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Australia 2014
Directed by
Samantha Lang
91 minutes
Rated M

Reviewed by
Bernard Hemingway
2.5 stars


This ABC telemovie about the life of Richard Byron aka Carol Bryon aka Carlotta, Australia’s most famous showgirl and a pioneer of what today is known as gender reassignment is a heavy-handed affair that diligently conforms to the conventions of the “I gotta be me” narrative, complete with a gold sequined finale “This Is My Life”.

From the get-go with young Richard performing the Gershwins’ “S’Wonderful” before his parents’ guests in the living room of his Balmain home in the early 1960s, Samantha Lang's film dishes up a familiar sequence of events – trying on his mother’s lippy when she’s out, an awkward teenager being introduced to the behind-closed-doors world of the GBLT scene of the day, then leaping forward to her life as a showgirl and her gender-reassignment  and  a brief marriage before her ultimate identification with her “Carlotta” persona where she remains to this day.

Whilst dramatically neither David Hannam’s script nor Lang’s direction ever goes beyond the superficial, relying on familiar characterizations and situations (and some gauche dialogue: "But I've been inside you" remarks Carlotta's boyfriend when she tells him that she used to be a man) to tell Carlotta’s story and glossing over what is still today relatively unfamiliar subject matter: Richard’s gender reassignment is achieved with breathtaking ease.  On the other hand the film gives a lot of screen time to mincing queens and over-the-top mummery.

Whilst one understands the reason why the decision was made, the casting of Jessica Marais in the lead creates substantial problems as it results in a very awkward first part to the film, with the actress transparently not a teenage boy. Once we jump past this phase Marais is much more effective (though one wonders how Carol acquired such a fine pair of boobs so quickly, not to mention, later on, a vagina) but then we are faced with the fact of a woman playing a transgender male – it pretty much defeats the point. Eamon Farren on the other hand is very effective as Carlotta’s best friend, Ava, as is Caroline O'Connor as the dance instructor who helped put "Les Girls" on the map.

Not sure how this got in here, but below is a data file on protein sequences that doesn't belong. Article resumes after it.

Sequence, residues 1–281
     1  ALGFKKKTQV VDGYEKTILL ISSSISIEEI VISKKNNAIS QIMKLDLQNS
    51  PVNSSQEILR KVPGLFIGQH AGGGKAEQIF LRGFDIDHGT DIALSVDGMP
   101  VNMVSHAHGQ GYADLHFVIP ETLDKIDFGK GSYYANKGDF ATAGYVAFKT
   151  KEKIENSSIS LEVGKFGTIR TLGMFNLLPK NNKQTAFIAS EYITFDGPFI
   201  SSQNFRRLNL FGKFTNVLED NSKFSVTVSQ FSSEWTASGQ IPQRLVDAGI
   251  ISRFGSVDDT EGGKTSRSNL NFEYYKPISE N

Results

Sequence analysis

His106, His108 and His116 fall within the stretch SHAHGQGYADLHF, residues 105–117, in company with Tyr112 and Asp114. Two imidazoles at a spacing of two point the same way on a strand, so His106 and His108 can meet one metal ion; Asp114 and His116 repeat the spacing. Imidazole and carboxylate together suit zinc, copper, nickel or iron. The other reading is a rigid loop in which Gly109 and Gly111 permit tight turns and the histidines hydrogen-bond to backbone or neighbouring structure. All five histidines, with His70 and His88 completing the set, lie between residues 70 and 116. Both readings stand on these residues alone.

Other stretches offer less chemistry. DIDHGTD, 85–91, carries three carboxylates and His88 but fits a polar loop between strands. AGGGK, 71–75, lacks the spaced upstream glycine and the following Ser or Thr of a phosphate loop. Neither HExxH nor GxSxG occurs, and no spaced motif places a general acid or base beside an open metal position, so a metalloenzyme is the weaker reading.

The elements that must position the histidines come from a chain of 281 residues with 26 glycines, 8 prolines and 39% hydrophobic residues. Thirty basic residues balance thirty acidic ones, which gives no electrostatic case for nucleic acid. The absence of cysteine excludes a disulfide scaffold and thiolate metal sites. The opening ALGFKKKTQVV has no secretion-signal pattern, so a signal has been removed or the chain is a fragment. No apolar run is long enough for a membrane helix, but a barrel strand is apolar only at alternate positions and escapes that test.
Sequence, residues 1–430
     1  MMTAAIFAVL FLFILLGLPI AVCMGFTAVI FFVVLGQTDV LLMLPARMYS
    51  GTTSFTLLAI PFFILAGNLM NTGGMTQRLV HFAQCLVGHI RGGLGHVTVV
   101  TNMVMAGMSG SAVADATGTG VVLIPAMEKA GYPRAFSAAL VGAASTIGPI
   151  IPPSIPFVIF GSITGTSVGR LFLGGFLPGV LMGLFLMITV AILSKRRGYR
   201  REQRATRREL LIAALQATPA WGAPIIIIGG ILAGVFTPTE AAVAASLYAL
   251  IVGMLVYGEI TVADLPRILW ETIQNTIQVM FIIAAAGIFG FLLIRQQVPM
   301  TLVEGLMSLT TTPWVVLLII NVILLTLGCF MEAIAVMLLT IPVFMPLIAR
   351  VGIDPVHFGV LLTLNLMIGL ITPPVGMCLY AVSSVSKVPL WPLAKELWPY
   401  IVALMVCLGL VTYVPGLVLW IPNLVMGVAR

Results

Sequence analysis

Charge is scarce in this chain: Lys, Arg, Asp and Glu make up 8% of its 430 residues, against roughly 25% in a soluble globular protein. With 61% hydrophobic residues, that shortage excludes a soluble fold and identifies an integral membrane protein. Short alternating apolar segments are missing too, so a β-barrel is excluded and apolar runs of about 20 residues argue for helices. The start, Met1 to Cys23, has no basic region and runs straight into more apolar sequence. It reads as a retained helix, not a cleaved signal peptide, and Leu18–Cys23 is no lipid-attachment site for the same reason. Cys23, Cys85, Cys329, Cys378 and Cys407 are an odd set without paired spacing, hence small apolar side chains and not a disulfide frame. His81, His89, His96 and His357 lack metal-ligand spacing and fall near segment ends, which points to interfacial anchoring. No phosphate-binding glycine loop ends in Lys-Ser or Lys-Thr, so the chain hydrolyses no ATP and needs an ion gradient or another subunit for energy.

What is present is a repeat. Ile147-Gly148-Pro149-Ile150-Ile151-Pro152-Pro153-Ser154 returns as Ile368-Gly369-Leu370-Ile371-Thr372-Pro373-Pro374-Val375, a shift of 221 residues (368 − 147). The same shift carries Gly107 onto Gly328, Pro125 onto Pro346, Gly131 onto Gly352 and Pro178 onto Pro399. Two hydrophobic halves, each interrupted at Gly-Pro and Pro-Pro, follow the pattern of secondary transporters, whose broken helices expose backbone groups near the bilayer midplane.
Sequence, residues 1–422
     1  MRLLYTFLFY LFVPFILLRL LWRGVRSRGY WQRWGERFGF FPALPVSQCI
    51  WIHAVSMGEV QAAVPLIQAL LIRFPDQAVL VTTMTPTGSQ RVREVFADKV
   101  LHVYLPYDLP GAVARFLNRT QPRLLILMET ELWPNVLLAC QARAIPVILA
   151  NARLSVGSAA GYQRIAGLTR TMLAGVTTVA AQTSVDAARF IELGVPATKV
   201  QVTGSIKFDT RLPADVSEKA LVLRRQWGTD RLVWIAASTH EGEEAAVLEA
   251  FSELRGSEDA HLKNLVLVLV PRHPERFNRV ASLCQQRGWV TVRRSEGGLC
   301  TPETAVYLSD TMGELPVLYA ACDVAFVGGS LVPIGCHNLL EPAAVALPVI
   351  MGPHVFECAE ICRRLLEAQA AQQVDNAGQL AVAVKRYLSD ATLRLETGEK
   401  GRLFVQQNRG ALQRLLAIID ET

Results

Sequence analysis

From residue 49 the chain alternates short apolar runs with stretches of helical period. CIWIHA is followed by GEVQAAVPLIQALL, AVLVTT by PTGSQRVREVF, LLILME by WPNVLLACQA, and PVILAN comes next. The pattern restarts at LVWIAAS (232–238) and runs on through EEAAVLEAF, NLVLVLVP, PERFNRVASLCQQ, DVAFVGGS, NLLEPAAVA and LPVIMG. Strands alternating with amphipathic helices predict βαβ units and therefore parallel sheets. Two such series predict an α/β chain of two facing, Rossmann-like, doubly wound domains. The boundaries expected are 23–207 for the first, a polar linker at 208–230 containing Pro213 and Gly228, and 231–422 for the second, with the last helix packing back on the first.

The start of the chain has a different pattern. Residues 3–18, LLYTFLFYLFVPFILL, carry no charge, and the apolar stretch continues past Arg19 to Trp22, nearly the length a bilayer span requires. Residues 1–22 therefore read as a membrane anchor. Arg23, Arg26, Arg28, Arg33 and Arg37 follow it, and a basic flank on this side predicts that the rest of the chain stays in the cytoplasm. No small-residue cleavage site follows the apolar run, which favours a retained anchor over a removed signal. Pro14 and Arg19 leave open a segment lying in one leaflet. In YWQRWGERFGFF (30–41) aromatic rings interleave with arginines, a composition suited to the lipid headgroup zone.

The art direction and wardrobe design with their recreation of 1960’s fashions are a pleasure whilst Anita Hegh stands out as Richard/Carol’s frustrated party girl mother turned dutiful housewife.  Some stock footage of King’s Cross of the time is used but that unfortunately is largely it as far as the film goes in recreating the iconic Antipodean Sodom and Gommorah.

With not enough bite in the drama to move us and not enough camp razzle-dazzle to qualify as a guilty pleasure, Carlotta falls somewhere in between, which, given that the real Carlotta was best known for outraging the conventions of her time, is more than a little ironic.




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